How should companies behave? The dilemmas of corporate governance.
Companies need to articulate realistic values and stick to them
In May 2018, all hell broke loose when the ASX Corporate Governance Council issued a draft revision of its corporate governance principles, just as the business sector was reeling from damning revelations emerging at the Royal Commission into Misconduct in the Banking, Superannuation and Financial Services Industry.
The most contentious change to the principles, which apply to all ASX-listed entities, was the suggestion that companies should have a social licence to operate, and should behave in the way the council said was socially responsible.
ASX chief compliance officer Kevin Lewis said the council was recognising “in very explicit terms that a listed entity social licence to operate is one of its most valuable assets”.
The concept was slammed by many in the business community as politically correct nonsense that would create problems for companies in industries such as gaming, alcohol and mining.
The criticism stuck and in the final version of the fourth edition of the principles, released in February this year, “social licence” was dropped. Instead, principle 3 of the guidelines focused on a listed entity’s values.
The recommendations now include that a company must articulate and disclose “the guiding principles and norms that define what type of organisation it aspires to be and what it requires from its directors, senior executives and employees to achieve that aspiration”.
The fourth edition of the principles will likely be a help rather than a hindrance, says Pamela Hanrahan, professor of commercial law and regulation at UNSW Business School and adviser to the Royal Commission. They are important, she says, because they set the tone of what the community can expect.
“If the guidelines go too far they raise expectations that business can’t fulfil,” says Hanrahan, a leading authority on financial services law and regulation who has published widely on corporate governance.
“The ASX council must be honest about what business is for,” she says. “Not every business has the same ethos.”
Hanrahan has been talking about the need for companies to articulate a values proposition since 2016; that is, the way in which a board balances competing stakeholder interests.
'Listed entities must avoid weasel words or motherhood statements they cannot deliver on. Authenticity is everything'– PAMELA HANRAHAN
This provides clear direction for making sure everyone in an organisation is aligned with that proposition.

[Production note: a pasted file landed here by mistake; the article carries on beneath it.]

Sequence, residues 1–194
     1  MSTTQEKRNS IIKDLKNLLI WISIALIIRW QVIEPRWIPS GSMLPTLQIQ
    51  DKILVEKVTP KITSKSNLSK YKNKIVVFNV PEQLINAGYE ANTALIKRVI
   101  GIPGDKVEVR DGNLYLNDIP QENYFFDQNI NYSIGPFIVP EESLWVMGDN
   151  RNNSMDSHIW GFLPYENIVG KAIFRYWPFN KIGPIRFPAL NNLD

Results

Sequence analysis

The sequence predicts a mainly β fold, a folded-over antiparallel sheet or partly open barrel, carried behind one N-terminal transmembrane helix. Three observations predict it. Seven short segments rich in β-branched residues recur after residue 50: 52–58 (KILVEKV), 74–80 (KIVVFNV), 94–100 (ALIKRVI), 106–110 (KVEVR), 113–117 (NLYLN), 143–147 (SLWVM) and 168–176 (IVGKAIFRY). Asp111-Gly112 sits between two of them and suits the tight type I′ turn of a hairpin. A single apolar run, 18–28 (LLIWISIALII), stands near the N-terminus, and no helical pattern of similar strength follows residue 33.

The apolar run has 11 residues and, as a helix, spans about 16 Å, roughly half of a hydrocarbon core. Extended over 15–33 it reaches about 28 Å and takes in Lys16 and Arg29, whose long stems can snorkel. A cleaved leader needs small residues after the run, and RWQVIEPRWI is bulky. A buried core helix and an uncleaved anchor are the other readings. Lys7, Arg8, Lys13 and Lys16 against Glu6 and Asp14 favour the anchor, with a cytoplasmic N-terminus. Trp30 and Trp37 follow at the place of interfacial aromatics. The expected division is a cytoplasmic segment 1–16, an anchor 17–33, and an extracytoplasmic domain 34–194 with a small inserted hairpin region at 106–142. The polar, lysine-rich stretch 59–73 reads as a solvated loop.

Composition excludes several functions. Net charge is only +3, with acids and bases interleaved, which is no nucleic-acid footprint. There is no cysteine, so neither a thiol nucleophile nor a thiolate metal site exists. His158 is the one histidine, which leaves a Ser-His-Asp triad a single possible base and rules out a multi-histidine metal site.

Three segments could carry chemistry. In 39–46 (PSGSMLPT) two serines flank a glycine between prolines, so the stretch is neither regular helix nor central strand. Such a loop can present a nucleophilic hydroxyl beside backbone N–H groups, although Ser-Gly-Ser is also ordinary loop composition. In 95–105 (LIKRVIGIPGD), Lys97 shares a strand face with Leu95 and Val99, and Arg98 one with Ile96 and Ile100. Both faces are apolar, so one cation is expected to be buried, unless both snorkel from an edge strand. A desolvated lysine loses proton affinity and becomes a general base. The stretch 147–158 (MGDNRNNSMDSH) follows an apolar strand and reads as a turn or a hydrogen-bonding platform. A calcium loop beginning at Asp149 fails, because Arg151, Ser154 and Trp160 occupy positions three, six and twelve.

Hanrahan is one of a number of academics at UNSW Business School undertaking front-line research into corporate governance, such as the role of independent directors and diversity on boards.
Work done by Salih Ozdemir, a senior lecturer in the school of management, and PhD student Jiping Niu, for example, has shown that boards with more independent directors on their strategy committees are more likely to adopt innovations.
AGSM scholar and professor of organisation and employment relations Stephen Frenkel, and his PhD student Jaco Fourie, are studying the Australian Modern Slavery Act and its implications for a company’s behaviour.
Confidence and trust
UNSW academics ensure their work has real-world impact by working with policy bodies, regulators and government, says Hanrahan, who speaks regularly at conferences and to the media.
She has noted a change in the debate about corporate governance during the past decade, with the post-GFC focus shifting from the impact of corporate misconduct on investors to its impact on public confidence and trust in powerful institutions.
In a speech last September, Hanrahan warned of the danger of adopting the language of social licence, a concept that has been kicked around for decades.
“The governance community generally was concerned with the language in the ASX Corporate Governance Council’s consultation draft. There was a view that the commentary was too prescriptive about the things a socially responsible company should do – for example, in relation to wage justice,” she says.
“The criticism was that it amounted to a form of social engineering and a lot of business people said it wasn’t helpful. The drafting in the final version of principle 3 strikes a more appropriate balance.”
Requiring companies to disclose their values is helpful only if they stick to them, says Hanrahan. What the Hayne Royal Commission showed, she notes, was that corporate conduct was often clearly at odds with the financial institutions’ stated commitments to lawful, ethical and responsible behaviour.
“If the new recommendation [from the ASX] about values is to make a positive difference, listed entities must avoid weasel words or motherhood statements they cannot deliver on. Authenticity is everything.”